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Rosacea

Last updated: August 9, 2021

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Rosacea is a chronic inflammatory skin disease that may be triggered by a number of factors (e.g., alcohol, stress). The etiology is unclear; however, the disease is more common in females and middle-aged individuals with fair skin. The disease presents with central facial erythema, telangiectasias, and papules/pustules. In severe cases, the nose develops a large, bulbous shape (rhinophyma). In contrast to acne, comedones are not present. Treatment options include the avoidance of triggers, topical agents (e.g., metronidazole, brimonidine) for mild disease and oral agents (e.g., metronidazole) for more severe disease.

  • Sex: > [1]
  • Age range: 30–60 years [1][2]

Epidemiological data refers to the US, unless otherwise specified.

The cause of rosacea is not entirely understood. It involves chronic inflammation of skin and is especially associated with triggers that increase body temperature.

References:[1][3]

In contrast to acne, comedones are NOT present in patients with rosacea.

References:[4][5]

The differential diagnoses listed here are not exhaustive.

References:[4][6][7][8]

  • Granulomatous lesions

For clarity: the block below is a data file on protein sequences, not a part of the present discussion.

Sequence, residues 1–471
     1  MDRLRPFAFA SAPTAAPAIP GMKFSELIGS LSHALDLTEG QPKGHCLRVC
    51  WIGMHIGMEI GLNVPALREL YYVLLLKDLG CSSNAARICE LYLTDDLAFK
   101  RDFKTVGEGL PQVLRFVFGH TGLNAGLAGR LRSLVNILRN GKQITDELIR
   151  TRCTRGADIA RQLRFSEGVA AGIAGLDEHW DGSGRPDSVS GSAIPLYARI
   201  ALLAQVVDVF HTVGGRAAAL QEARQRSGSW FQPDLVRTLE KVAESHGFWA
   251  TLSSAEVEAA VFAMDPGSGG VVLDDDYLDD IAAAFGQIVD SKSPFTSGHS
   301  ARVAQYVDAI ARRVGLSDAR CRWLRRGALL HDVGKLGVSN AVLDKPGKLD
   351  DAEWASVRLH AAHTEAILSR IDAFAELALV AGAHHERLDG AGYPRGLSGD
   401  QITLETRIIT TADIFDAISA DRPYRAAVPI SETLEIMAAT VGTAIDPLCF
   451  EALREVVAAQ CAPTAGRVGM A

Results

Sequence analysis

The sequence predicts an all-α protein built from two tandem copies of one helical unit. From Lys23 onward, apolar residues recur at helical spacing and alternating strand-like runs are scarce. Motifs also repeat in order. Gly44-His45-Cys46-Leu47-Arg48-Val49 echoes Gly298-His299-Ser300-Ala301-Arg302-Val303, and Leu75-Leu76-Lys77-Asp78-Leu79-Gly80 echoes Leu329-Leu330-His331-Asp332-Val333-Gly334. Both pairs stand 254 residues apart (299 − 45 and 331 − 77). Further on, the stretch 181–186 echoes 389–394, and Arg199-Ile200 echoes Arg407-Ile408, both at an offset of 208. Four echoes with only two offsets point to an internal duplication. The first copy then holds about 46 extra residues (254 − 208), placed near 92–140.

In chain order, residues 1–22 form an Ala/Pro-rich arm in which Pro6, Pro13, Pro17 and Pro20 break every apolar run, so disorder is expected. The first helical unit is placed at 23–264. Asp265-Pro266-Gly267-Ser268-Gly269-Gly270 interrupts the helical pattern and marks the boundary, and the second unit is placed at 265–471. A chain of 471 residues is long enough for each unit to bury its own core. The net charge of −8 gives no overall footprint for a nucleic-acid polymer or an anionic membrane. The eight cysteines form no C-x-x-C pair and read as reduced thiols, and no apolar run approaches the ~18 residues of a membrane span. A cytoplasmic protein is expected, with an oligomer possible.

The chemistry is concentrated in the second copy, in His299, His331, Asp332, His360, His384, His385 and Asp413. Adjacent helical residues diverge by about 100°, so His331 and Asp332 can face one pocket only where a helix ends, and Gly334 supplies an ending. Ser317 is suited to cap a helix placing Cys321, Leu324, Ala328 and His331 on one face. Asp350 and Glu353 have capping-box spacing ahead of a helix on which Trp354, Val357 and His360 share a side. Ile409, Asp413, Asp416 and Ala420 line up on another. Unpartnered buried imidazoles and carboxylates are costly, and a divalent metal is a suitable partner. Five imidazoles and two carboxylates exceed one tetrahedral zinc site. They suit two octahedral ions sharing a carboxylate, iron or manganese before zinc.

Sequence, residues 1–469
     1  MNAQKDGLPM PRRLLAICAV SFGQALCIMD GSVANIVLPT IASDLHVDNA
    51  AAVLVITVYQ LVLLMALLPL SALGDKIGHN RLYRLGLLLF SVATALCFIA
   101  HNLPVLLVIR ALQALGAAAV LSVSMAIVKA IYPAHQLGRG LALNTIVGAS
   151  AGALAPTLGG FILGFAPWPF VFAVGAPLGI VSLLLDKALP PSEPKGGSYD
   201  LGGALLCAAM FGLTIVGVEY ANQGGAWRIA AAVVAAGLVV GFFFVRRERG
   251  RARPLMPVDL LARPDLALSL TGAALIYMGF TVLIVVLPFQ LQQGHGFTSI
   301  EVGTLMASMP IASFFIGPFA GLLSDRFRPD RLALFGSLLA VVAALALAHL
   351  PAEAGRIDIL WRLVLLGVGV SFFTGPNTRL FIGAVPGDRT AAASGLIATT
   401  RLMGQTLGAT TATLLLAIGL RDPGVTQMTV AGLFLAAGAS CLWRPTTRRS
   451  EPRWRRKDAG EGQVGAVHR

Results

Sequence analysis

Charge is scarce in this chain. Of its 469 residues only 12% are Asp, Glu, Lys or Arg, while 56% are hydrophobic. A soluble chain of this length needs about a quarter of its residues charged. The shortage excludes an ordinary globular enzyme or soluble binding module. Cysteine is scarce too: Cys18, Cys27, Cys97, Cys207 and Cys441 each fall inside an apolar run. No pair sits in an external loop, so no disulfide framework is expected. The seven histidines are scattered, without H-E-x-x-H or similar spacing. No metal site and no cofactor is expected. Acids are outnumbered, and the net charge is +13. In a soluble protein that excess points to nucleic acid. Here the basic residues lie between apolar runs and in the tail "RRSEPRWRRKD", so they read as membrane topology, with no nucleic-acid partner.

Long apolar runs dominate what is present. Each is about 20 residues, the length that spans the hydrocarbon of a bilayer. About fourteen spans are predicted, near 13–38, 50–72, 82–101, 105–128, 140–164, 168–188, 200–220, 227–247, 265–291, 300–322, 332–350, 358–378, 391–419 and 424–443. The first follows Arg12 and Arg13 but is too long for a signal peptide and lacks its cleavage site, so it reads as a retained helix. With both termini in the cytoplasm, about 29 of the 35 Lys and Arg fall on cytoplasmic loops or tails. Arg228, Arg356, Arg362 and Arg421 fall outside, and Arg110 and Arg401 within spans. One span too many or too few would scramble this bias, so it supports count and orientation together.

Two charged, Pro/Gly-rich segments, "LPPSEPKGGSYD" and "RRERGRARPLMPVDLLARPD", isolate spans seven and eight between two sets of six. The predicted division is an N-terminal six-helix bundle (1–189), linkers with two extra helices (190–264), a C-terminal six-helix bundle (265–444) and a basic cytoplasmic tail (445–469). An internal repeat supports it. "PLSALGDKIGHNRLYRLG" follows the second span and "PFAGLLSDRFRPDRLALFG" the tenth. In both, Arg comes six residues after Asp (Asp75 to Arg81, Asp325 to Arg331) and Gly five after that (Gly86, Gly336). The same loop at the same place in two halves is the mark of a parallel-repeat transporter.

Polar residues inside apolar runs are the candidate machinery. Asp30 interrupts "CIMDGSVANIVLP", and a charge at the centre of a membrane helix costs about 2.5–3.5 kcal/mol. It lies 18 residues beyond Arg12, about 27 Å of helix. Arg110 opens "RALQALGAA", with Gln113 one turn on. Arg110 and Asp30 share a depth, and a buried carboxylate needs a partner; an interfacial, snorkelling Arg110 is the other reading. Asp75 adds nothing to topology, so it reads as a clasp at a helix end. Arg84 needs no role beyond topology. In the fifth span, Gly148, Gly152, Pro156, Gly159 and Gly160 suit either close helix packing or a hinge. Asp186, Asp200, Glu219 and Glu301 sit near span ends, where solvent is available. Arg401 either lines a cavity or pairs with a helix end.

• Small brown papules, especially around the mouth and eyes
    • Granulomatous lesions may occur on their own, without other symptoms of rosacea
    • Histology: tuberculoid granulomas

All patients with rosacea and concurrent eye problems should have their eyes examined by an ophthalmologist.

We list the most important complications. The selection is not exhaustive.

  1. Alinia H, Tuchayi SM, Patel NU, et al. Rosacea triggers. Dermatol Clin. 2018; 36 (2): p.123-126. doi: 10.1016/j.det.2017.11.007 . | Open in Read by QxMD
  2. Rainer BM, Kang S, Chien AL. Rosacea: Epidemiology, pathogenesis, and treatment. Dermato-Endocrinology. 2017; 9 (1): p.e1361574. doi: 10.1080/19381980.2017.1361574 . | Open in Read by QxMD
  3. Goldgar C, Keahey DJ, Houchins J. Treatment options for acne rosacea. Am Fam Physician. 2009; 80 (5): p.461-468.
  4. Mikkelsen CS, Holmgren HR, Kjellman P, et al. Rosacea: a clinical review. Dermatol Reports. 2016; 8 (1). doi: 10.4081/dr.2016.6387 . | Open in Read by QxMD
  5. Oge LK, Muncie HL, Phillips-Savoy AR. Rosacea: Diagnosis and treatment. Am Fam Physician. 2015; 92 (3): p.187-196.
  6. Weinkle AP, Doktor V, Emer J. Update on the management of rosacea. Clin Cosmet Investig Dermatol. 2015; 8 : p.159–177. doi: 10.2147/CCID.S58940 . | Open in Read by QxMD
  7. Abokwidir M, Feldman SR. Rosacea Management. Skin Appendage Disord. 2016; 2 (1-2): p.26-34. doi: 10.1159/000446215 . | Open in Read by QxMD
  8. Gether L, Overgaard LK, Egeberg A, Thyssen JP. Incidence and prevalence of rosacea: a systematic review and meta-analysis. Br J Dermatol. 2018 . doi: 10.1111/bjd.16481 . | Open in Read by QxMD